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“Robotic spacecraft enters lunar orbit, historic landing on the moon scheduled for Thursday”

Robotic Spacecraft Set to Make Historic Landing on the Moon

In a monumental achievement for space exploration, a robotic spacecraft has successfully entered lunar orbit, paving the way for a historic landing on the moon. Developed by Intuitive Machines, the spacecraft is scheduled to touch down on the lunar surface on Thursday evening, marking the first American spacecraft to do so in over 50 years.

The Houston-based company announced that the spacecraft, named Odysseus, is in excellent condition as it circles the moon at an altitude of approximately 57 miles. The landing is set to take place at 5:49 p.m. Eastern time. If successful, Odysseus will become the first commercial vehicle to land on the lunar surface since Apollo 17 in 1972.

This groundbreaking mission is part of a $118 million contract with NASA, who tasked Intuitive Machines with delivering six scientific and technological payloads to the moon. Odysseus, standing at an impressive 14 feet tall, is one of several robotic spacecraft being developed by the private sector in collaboration with NASA’s Artemis program. The ultimate goal of this program is to land astronauts on the moon, with a particular focus on the unexplored and potentially resource-rich lunar south pole.

Unlike the Apollo missions, which targeted the equatorial regions of the moon, Artemis aims to explore the lunar south pole where water, in the form of ice, is believed to exist in permanently shadowed craters. Odysseus’s landing site near a crater called Malapert A is one of the potential landing sites under consideration for future Artemis missions.

Entering lunar orbit was a significant milestone for Intuitive Machines, achieved just six days after the spacecraft’s launch on a SpaceX Falcon 9 rocket from Florida’s Kennedy Space Center. During its time in lunar orbit, flight controllers will analyze flight data and transmit imagery of the moon back to Earth.

However, the real challenge lies in the landing itself. Last month, another commercial space company, Astrobotic, faced difficulties when its spacecraft encountered an engine problem and suffered a fuel leak, preventing it from reaching the moon. Astrobotic plans to make another attempt, possibly later this year.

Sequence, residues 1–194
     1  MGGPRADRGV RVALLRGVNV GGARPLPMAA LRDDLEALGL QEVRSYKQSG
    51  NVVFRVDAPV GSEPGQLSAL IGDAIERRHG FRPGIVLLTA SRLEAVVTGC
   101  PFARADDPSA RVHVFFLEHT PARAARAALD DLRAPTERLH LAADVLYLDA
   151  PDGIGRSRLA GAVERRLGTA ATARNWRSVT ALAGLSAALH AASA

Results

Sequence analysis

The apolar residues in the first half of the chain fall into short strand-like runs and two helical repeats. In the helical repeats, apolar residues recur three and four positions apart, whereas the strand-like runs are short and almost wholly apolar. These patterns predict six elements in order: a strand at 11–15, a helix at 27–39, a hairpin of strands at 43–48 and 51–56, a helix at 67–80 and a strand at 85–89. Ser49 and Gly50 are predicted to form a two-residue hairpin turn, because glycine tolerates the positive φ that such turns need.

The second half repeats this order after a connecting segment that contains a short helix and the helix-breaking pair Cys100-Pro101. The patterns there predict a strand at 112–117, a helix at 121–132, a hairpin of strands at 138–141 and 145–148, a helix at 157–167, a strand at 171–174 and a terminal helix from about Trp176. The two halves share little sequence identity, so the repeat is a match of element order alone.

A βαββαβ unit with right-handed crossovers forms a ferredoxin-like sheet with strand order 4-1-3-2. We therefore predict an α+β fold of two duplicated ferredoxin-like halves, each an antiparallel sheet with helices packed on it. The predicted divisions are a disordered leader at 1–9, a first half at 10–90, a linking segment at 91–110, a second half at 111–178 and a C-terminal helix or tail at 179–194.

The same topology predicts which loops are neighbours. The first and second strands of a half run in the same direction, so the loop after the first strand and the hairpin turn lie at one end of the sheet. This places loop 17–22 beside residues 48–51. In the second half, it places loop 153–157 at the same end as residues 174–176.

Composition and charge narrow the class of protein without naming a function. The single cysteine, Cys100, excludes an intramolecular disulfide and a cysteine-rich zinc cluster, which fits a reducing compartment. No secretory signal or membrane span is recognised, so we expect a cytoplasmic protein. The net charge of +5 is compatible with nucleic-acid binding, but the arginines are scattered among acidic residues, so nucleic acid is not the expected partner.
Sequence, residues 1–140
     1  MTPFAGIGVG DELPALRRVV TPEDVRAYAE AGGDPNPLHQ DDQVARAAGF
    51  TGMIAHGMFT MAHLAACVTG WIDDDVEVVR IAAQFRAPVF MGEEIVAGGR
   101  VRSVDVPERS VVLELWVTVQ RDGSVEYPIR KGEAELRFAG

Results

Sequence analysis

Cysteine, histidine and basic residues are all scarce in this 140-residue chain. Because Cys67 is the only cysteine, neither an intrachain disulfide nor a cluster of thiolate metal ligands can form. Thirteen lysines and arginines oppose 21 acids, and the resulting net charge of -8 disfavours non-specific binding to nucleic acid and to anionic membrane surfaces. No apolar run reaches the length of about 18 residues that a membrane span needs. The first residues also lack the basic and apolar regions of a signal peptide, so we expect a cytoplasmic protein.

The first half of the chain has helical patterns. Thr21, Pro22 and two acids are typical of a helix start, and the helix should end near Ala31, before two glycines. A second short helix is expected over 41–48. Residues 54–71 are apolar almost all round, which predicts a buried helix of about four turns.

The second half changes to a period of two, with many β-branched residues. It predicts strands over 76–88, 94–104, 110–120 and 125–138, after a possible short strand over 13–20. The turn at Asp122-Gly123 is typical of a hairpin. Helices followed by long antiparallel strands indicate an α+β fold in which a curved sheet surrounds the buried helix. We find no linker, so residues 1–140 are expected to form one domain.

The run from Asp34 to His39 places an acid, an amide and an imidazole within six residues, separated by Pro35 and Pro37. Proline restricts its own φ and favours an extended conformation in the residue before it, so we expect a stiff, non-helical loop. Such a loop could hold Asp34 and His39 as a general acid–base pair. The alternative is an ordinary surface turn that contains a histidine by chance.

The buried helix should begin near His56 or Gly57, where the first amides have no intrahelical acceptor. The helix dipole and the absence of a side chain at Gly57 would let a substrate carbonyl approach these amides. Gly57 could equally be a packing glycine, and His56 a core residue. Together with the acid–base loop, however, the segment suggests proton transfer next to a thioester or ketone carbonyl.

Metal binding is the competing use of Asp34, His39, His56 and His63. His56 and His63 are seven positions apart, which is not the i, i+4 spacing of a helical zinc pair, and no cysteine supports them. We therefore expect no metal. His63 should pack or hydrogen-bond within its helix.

As Odysseus flies around the far side of the moon, it will lose contact with ground control for approximately 45 minutes. Each pass presents a unique challenge as the spacecraft alternates between the intense heat of the sun and the cold darkness behind the moon. To combat this, Odysseus relies on drawing heat from its batteries to keep its systems warm.

During descent, the spacecraft will ignite its engine to drop from an altitude of 62 miles to just over six miles. Cameras and lasers onboard will provide crucial data to the navigation computers, which will autonomously guide Odysseus to a safe landing spot on the lunar surface. At around 100 feet above the ground, the spacecraft will flip itself into a vertical position with its landing legs pointing downward. As fuel is burned and the lander becomes lighter, the engine thrust will gradually decrease.

In addition to its scientific payloads, Odysseus is also carrying a NASA instrument designed to capture images of the dust plume created by its engines. With plans to eventually land multiple spacecraft in close proximity to one another, NASA aims to understand the impact of landings on the moon’s surface and environment.

As the world eagerly awaits Thursday’s historic landing, the successful completion of this mission will mark a significant milestone in space exploration and pave the way for future lunar missions.


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